The Industrial Revolution in the 19th century saw a number of inventions fundamentally change transport. With telegraphy, communication became instant and independent of transport. The invention of the steam engine, closely followed by its application in rail transport, made land transport independent of human or animal muscles. Both speed and capacity increased rapidly, allowing specialization through manufacturing being located independent of natural resources. The 19th century also saw the development of the steam ship, that sped up global transport.
With the development of the combustion engine and the automobile at the turn into the 20th century, road transport became more viable, allowing the introduction of mechanical private transport. The first highways were constructed during the 19th century with macadam. Later, tarmac and concrete became the dominant paving material. In 1903, the first controllable airplane was invented, and after World War I, it became a fast way to transport people and express goods over long distances.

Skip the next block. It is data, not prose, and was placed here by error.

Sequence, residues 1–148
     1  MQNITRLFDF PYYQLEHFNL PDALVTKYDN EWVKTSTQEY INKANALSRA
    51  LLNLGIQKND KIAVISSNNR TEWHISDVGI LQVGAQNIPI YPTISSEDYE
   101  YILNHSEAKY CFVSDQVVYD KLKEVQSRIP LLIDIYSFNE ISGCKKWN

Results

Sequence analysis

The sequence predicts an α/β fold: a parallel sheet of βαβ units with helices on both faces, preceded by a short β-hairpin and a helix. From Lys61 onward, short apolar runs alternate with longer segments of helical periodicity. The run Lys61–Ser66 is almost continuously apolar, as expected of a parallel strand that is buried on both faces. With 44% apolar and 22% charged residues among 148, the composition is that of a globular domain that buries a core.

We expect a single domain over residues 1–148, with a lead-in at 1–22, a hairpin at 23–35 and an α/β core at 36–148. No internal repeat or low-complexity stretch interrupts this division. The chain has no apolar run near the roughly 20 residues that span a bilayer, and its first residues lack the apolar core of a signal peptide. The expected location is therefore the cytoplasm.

After World War II, the automobile and airlines took higher shares of transport, reducing rail and water to freight and short-haul passenger. Spaceflight was launched in the 1950s, with rapid growth until the 1970s, when interest dwindled. In the 1950s, the introduction of containerization gave massive efficiency gains in freight transport, permitting globalization. International air travel became much more accessible in the 1960s, with the commercialization of the jet engine. Along with the growth in automobiles and motorways, this introduced a decline for rail and water transport. After the introduction of the Shinkansen in 1964, high-speed rail in Asia and Europe started taking passengers on long-haul routes from airlines.
Early in U.S. history, most aqueducts, bridges, canals, railroads, roads, and tunnels were owned by private joint-stock corporations. Most such transportation infrastructure came under government control in the late 19th and early 20th centuries, culminating in the nationalization of inter-city passenger rail service with the creation of Amtrak. Recently, however, a movement to privatize roads and other infrastructure has gained some ground and adherents.